Xylophanes hannemanni
Updated as per personal communication with Jose Ramon Alvarez Corral (Barinas, Venezuela) May 28, 2012; ongoing

Xylophanes hannemanni
zail-AH-fan-eesmm han-neh-MAN-eye or
zye-LAH-fan-eesmm han-neh-MAN-eye
Closs, 1917

Xylophanes hannemanni male courtesy of Dan Janzen.

This site has been created by Bill Oehlke at oehlkew@islandtelecom.com
Comments, suggestions and/or additional information are welcomed by Bill.


Family: Sphingidae, Latreille, 1802
Subfamily: Macroglossinae, Harris, 1839
Tribe: Macroglossini, Harris, 1839
Genus: Xylophanes Hubner [1819] ...........
Species: hannemanni Closs, 1917


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Xylophanes hannemanni (wingspan: 68-83 mm, females larger than males) flies in the
Atlantic regions of Mexico (specimen type locality) Hidalgo,
(probably Honduras)
Costa Rica and
Panama: Chiriqui, and further south through
Venezuela: (Barinas (JRAC));
Peru, to
Bolivia: Cochabamba: Chapare, Yunga del Espíritu Santo, La Paz: Murillo, Río Zongo, (750m).

Very similar to Xylophanes germen but outer margin of forewing smooth (except for some specimens from Peru and Bolivia, in which the outer margin may be slightly crenulate) and somewhat concave. CATE

The pronunciation of scientific names is troublesome for many. The "suggestions" at the top of the page are merely suggestions. They are based on commonly accepted English pronunciation of Greek names and/or some fairly well accepted "rules" for latinized scientific names. In some cases I have anglicized the pronunciations as per more common usage.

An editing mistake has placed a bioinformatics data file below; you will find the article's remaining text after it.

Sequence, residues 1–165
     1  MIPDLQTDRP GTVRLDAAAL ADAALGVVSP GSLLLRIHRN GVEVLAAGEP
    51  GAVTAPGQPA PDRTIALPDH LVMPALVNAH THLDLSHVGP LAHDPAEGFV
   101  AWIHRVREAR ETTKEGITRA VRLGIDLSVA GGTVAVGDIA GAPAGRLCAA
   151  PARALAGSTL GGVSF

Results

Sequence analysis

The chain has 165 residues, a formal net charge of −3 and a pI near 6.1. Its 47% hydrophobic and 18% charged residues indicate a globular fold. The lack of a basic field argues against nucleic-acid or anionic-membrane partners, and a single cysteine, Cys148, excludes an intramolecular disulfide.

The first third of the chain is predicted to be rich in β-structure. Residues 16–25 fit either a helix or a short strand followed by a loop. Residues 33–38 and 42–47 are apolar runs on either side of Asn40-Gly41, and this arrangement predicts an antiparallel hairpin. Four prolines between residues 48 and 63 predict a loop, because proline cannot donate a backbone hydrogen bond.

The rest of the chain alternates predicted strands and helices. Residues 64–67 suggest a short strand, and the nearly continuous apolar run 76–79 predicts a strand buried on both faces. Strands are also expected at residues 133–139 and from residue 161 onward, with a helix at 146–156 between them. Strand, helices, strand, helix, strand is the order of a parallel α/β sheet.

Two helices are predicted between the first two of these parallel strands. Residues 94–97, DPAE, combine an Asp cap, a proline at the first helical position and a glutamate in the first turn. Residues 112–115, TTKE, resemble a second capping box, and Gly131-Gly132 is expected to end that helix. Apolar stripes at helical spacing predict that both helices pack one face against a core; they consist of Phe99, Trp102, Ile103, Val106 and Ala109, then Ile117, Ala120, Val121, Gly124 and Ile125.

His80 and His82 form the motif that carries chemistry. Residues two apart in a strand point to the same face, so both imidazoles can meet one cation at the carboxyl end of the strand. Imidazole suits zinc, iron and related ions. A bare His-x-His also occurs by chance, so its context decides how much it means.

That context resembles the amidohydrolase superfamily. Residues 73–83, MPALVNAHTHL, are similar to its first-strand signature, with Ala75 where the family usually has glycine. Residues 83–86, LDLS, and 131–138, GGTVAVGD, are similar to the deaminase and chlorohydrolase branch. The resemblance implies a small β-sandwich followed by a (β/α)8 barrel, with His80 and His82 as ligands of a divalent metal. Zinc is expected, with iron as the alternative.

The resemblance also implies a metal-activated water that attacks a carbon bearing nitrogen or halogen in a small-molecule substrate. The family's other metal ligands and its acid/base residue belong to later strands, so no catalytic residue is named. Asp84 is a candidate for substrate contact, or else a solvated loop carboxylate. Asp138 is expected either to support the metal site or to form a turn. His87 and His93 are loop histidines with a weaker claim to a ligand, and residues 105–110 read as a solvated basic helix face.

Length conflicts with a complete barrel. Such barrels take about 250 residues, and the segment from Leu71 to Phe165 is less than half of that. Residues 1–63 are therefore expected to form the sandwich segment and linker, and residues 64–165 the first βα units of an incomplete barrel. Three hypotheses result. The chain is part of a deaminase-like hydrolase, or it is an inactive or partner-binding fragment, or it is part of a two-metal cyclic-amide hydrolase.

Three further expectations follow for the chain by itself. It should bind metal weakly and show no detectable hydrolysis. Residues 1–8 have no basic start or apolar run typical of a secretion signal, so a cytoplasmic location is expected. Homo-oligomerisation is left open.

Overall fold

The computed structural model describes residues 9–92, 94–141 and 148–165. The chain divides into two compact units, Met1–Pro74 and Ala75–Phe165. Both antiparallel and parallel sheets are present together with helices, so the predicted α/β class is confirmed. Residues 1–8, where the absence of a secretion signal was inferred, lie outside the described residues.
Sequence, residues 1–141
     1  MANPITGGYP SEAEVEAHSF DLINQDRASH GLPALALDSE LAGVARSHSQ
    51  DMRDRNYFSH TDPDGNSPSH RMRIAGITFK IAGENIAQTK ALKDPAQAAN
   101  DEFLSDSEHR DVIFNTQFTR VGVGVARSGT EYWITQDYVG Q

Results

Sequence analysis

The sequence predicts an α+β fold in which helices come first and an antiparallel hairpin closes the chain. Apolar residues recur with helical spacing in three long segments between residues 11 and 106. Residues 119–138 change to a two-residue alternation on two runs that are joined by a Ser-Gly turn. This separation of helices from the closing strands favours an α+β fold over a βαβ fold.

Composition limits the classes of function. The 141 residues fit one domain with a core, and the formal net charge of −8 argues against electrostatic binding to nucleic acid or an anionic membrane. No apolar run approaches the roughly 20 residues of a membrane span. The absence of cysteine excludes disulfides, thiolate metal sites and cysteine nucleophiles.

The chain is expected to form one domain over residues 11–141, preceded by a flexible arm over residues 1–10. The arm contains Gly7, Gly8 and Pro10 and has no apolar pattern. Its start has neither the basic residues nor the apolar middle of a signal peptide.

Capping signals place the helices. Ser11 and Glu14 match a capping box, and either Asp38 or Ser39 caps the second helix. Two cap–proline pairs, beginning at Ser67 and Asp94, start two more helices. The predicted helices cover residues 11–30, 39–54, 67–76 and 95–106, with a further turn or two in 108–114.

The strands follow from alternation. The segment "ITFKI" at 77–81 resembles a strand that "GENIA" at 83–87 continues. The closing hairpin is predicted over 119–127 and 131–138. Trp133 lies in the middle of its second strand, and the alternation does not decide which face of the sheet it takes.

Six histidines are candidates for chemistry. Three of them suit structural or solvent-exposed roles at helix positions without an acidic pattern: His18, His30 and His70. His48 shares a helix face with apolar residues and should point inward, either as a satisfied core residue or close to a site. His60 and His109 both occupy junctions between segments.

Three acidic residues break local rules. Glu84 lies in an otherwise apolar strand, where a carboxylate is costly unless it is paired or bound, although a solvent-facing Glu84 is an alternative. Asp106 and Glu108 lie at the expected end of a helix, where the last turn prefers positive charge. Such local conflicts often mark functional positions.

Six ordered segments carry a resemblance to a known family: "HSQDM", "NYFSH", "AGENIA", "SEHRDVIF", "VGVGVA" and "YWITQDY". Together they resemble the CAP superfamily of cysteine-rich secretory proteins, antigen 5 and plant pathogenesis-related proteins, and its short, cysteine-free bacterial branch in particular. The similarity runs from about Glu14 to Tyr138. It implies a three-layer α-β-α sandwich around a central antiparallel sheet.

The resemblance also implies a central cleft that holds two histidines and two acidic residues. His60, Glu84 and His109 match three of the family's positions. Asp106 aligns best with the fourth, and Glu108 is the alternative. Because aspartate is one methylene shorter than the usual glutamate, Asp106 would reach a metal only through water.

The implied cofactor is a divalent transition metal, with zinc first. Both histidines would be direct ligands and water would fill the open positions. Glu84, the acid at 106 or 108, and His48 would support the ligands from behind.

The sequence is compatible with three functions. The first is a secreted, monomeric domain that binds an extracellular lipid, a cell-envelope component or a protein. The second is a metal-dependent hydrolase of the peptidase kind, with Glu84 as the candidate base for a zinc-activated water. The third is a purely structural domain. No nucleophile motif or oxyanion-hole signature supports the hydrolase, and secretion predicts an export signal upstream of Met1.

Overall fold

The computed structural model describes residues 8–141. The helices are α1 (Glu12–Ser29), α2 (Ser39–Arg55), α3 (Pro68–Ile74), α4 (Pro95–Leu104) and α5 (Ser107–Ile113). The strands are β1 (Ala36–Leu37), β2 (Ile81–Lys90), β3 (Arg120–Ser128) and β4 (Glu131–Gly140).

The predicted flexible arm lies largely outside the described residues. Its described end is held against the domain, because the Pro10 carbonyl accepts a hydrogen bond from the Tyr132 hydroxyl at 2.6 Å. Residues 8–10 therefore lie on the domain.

The suggested pronunciations, on this page and on other pages, are primarily put forward to assist those who hear with internal ears as they read.

There are many collectors from different countries whose intonations and accents would be different.

Jean Marie Cadiou writes, "When I say "Xylophanes" in English I pronounce it something like "Zailophanees", with the emphasis on the "o". The French pronounce it differently, something like "Kzeelophaness" with no emphasis, and the Germans yet in a different way..."

In Greek myth, Phanes is the golden winged Primordial Being who was hatched from the shining Cosmic Egg that was the source of the universe. He personifies light emerging from chaos.

"Xylo" is the Greek word for wood.

The specimen type for the genus Xylophanes is Xylophanes anubus. Perhaps ? when Hubner examined this species, the yellow-orange and brown tones of the forewings suggested wings of wood.

The species name "hannemanni" is honorific for Dr. H. J. Hannemann.


Xylophanes hannemanni adults fly probably produce at least three broods annually. Adults are taken in every month of the year in Costa Rica.


Pupae probably wiggle to surface from subterranean chambers just prior to eclosion.

Xylophanes hannemanni female courtesy of Dan Janzen.


Females call in the males with a pheromone released from a gland at the tip of the abdomen. Males come in to lights very readily, but females are seldom taken in that way.


Larvae feed on Psychotria panamensis, Psychotria correae, Psychotria horizontalis, Psychotria eurycarpa, Psychotria elata and Psychotria nervosa and Palicourea padifolia and Coussarea austin-smithii of the Rubiaceae family and on Thalia geniculata of the Marantaceae family.

The "eyespots" are barely noticeable in second instar larvae and usually do not become evident until third or fourth instar.

Larvae have a very broad tail when seen from the side. The eyes do not bulge, have blue at the top of the yellow, pink center, black ring, yellow general, and black on side of tail slash.

Moths emerge approximately twenty-one days to two months after larvae pupate, but some will "overwinter", emerging in March after pupating in July.

Larvae are subject to parasitization by Thyreodon white of the Ichneumonidae family and by Drino sp. 3 and Siphona sp. 6 of the Tachinidae family.

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